–       Don’t do your shoe laces up too tightly as your feet swell up massively on a long run – my poor little toe is really feeling it now!

Helen & Douglas House has the time and expertise to care for children and young adults with life-shortening conditions and support their families. The two hospice houses offer specialist symptom and pain management, medically supported short breaks and end-of-life care, as well as counselling and practical support for the whole family.







Silverstone half marathon: The mental challenge


I was really looking forward to the Silverstone half marathon, not least because I knew it would be well organised (being sponsored by Adidas) and it was a mere 15 minutes drive from my house – boom!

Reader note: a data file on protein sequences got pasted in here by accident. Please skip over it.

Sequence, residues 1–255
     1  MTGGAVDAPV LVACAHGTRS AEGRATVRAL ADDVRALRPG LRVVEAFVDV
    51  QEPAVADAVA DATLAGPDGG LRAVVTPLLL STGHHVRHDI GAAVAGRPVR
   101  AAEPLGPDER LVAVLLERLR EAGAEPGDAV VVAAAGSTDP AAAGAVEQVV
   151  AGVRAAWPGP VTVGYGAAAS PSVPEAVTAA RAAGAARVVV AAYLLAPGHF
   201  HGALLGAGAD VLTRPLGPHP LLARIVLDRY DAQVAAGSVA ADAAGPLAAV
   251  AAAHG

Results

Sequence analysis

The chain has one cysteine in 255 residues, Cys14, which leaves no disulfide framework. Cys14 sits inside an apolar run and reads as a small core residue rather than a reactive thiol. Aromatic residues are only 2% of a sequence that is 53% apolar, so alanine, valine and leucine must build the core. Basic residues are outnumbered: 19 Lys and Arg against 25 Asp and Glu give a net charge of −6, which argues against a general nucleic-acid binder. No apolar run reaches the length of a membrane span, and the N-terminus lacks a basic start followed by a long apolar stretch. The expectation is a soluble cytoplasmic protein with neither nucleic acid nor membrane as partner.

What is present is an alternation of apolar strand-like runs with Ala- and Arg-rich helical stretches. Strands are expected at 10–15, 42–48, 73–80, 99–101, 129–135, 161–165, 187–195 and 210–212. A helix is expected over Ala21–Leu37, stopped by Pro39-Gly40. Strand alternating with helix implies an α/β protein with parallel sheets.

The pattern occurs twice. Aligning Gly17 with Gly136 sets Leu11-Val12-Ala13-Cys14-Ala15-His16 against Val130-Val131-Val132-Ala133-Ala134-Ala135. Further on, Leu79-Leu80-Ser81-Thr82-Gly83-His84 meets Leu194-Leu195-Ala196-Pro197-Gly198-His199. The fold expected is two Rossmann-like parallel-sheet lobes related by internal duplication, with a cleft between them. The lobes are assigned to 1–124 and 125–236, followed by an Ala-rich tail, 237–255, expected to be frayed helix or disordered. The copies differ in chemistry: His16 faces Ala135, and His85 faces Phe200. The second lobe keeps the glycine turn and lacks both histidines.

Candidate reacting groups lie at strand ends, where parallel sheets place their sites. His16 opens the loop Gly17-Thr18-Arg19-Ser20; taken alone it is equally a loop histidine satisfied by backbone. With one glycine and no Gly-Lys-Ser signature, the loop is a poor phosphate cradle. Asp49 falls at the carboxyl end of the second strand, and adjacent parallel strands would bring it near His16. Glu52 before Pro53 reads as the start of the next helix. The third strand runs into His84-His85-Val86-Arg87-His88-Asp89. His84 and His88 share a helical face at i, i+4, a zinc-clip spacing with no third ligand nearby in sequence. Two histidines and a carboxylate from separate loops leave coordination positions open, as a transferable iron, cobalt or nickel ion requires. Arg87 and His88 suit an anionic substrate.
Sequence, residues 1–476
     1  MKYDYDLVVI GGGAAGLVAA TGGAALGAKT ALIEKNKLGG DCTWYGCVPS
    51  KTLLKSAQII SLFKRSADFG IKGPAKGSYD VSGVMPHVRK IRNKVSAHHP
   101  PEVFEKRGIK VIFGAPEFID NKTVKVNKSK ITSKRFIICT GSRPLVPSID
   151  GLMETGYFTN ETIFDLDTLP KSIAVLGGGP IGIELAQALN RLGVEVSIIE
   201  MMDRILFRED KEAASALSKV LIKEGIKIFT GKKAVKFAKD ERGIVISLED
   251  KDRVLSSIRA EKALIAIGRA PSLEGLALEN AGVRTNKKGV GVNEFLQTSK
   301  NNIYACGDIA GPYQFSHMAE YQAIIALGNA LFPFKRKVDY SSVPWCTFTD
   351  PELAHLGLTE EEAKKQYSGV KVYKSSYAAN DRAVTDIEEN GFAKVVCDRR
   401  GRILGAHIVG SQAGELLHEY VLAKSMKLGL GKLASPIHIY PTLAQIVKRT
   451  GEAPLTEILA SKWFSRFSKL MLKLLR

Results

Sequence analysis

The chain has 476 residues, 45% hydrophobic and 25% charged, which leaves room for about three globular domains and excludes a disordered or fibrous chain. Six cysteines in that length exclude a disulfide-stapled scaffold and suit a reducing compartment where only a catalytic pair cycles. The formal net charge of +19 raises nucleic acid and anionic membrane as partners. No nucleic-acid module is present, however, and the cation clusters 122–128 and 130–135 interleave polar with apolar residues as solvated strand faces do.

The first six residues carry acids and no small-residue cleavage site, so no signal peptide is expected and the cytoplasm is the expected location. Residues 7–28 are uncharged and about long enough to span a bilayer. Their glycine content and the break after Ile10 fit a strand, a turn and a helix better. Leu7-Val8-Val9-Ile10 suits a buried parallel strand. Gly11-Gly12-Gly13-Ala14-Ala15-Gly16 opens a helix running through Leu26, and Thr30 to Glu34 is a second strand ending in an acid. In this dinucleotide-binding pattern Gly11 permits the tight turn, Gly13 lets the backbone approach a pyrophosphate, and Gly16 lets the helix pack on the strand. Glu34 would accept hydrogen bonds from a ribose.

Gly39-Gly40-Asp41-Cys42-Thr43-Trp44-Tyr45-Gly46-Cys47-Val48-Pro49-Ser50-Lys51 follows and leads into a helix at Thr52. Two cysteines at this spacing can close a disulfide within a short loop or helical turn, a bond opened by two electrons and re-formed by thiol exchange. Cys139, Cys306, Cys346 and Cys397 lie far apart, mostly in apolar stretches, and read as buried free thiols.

BUT, what I had mistakenly forgotten about was that it is still only March, we’re in the UK and Silverstone used to be an airfield – cue bitingly cold wind. I haven’t been that cold since I turned up to watch Brighton play on a July day in shorts when a freak weather front came over and the heaven’s opened! What was a real shame was that I knew a few people would be there, but both Rich and I were so cold we just wanted to ‘get it done’ and get home.